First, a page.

Another way to re-ignite your passion and interest in your work life is to rekindle the things that interest and engage you in your time off. If you re-start a hobby you’ve abandoned, spend more time doing things you love with people you love, or just get away for a change of scenery, your renewed energy and interest could start to carry over into your work life.

This isn’t to suggest that you take a long-term living-for-the-weekends approach, continuing to merely tolerate your job while getting all your satisfaction elsewhere. But if you push past the apathy that results from rusting out at work and find something inspiring to do in your time off, it might help you break through your career slump as well. At the least, finding joy where you can will help you hold on until something at work changes for the better.

#3: Find a new job or career that excites you

If you’re still not feeling it at work and your efforts to expand your opportunities for engagement are met with resistance – or a brick wall –  you might need to start looking for a different setting or kind of work that does help you feel motivated, valued and inspired again. If you’re not happy or appreciated where you are, and know you’re not not being allowed to reach your potential, it’s probably time for a change.

To help you find a better alternative, think about what about your current job isn’t working for you, what you would need to feel engaged and inspired, and what kind of work and environment you feel would be a better fit. Then use these lists to guide your search for a new job or a completely new direction.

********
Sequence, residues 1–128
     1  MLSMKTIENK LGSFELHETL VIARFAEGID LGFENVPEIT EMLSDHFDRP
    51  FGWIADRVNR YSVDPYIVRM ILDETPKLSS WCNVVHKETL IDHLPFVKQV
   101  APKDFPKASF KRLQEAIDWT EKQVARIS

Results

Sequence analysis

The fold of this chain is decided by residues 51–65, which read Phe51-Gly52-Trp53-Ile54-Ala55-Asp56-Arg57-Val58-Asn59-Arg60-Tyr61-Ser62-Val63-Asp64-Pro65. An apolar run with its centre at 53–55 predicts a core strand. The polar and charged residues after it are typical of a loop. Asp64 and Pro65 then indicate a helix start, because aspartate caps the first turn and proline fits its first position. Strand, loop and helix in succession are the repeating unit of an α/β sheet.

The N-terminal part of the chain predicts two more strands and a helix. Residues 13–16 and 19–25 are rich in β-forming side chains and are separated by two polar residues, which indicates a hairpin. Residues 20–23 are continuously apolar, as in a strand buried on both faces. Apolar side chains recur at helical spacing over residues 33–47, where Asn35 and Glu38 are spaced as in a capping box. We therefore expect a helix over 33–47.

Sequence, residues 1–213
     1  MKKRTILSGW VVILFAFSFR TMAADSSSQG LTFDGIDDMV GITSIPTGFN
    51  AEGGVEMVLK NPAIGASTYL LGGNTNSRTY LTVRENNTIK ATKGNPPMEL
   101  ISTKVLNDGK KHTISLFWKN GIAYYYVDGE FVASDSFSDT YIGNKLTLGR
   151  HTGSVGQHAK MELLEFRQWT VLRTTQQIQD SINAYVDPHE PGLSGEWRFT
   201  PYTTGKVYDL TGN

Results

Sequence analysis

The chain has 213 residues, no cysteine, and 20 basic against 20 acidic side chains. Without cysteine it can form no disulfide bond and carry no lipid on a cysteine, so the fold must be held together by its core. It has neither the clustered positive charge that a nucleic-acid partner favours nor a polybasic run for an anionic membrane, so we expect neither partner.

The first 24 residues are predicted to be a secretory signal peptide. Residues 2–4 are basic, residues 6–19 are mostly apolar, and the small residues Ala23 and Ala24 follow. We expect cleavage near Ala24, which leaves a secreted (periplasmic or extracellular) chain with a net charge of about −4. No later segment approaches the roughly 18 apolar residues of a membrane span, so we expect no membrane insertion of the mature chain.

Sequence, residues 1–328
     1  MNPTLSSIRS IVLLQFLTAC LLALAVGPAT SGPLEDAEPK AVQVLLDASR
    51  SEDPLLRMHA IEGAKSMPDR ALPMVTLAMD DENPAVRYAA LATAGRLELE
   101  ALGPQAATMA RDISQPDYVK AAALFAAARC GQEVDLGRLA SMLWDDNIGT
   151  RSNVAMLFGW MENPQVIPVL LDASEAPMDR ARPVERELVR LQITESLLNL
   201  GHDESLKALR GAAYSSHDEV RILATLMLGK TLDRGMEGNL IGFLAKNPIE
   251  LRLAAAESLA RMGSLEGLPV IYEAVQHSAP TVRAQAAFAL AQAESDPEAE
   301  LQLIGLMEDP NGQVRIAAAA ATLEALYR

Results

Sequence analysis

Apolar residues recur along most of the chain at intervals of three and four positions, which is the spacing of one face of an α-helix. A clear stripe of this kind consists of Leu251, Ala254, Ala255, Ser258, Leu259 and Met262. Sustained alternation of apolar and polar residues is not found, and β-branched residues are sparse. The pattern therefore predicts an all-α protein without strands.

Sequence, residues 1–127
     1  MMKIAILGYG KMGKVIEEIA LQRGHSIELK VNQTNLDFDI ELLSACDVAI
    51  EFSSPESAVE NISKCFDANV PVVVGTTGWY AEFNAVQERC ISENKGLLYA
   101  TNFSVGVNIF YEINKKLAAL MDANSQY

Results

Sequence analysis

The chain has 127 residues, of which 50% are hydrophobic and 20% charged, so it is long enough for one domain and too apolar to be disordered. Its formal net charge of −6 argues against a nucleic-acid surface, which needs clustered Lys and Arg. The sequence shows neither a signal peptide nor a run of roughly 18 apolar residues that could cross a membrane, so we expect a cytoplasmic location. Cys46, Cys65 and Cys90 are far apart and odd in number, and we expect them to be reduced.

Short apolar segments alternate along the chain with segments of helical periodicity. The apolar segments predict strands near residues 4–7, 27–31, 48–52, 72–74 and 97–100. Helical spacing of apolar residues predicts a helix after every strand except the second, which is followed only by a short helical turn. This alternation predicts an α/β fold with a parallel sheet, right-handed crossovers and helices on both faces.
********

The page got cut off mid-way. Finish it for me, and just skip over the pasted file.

You may also want to take a career aptitude test to give you more information to guide you toward work that will reignite your engine and polish off the rust. Career tests form the basis of any career planning and development exercise, so even if you’re not ready to make a big leap just yet, they’re a great place to start.  

#4: Take a personality test (or three)

In addition to taking career aptitude tests, taking any kind of personality test will help you decide what kind of career may be a good fit for you, what kind of specific work environment you’d feel most at home in, and what you need in order to feel happy and fulfilled and able to do your best work.

For example, the DISC test is a great career assessment tool as it helps identify what types of tasks and communication approaches, or work styles, fit you best, while the Type/Finder test will help define your broader personality type, including your values, motivations and what career categories you’re likely to thrive in.

The more personality tests and career tests you take, the broader the understanding you’ll get of yourself, what kind of work you’re best suited for and how to just get the most out of your life in general. Understanding your personality type will also help you know what to look for to get a sense of satisfaction from your work. Knowing what you specifically need, based on your personality type, may also help you find ways to recharge your enthusiasm for your current job, at least in the meantime.

Diane Fanucchi
Diane Fanucchi is a freelance writer and Smart-Blogger certified content marketing writer. She lives on California’s central coast in a purple apartment. She reads, writes, walks, and eats dark chocolate whenever she can. A true INFP, she spends more time thinking about the way things should be than what others call the “real” world. You can visit her at www.dianefanucchi.naiwe.com or https://writer.me/diane-fanucchi/.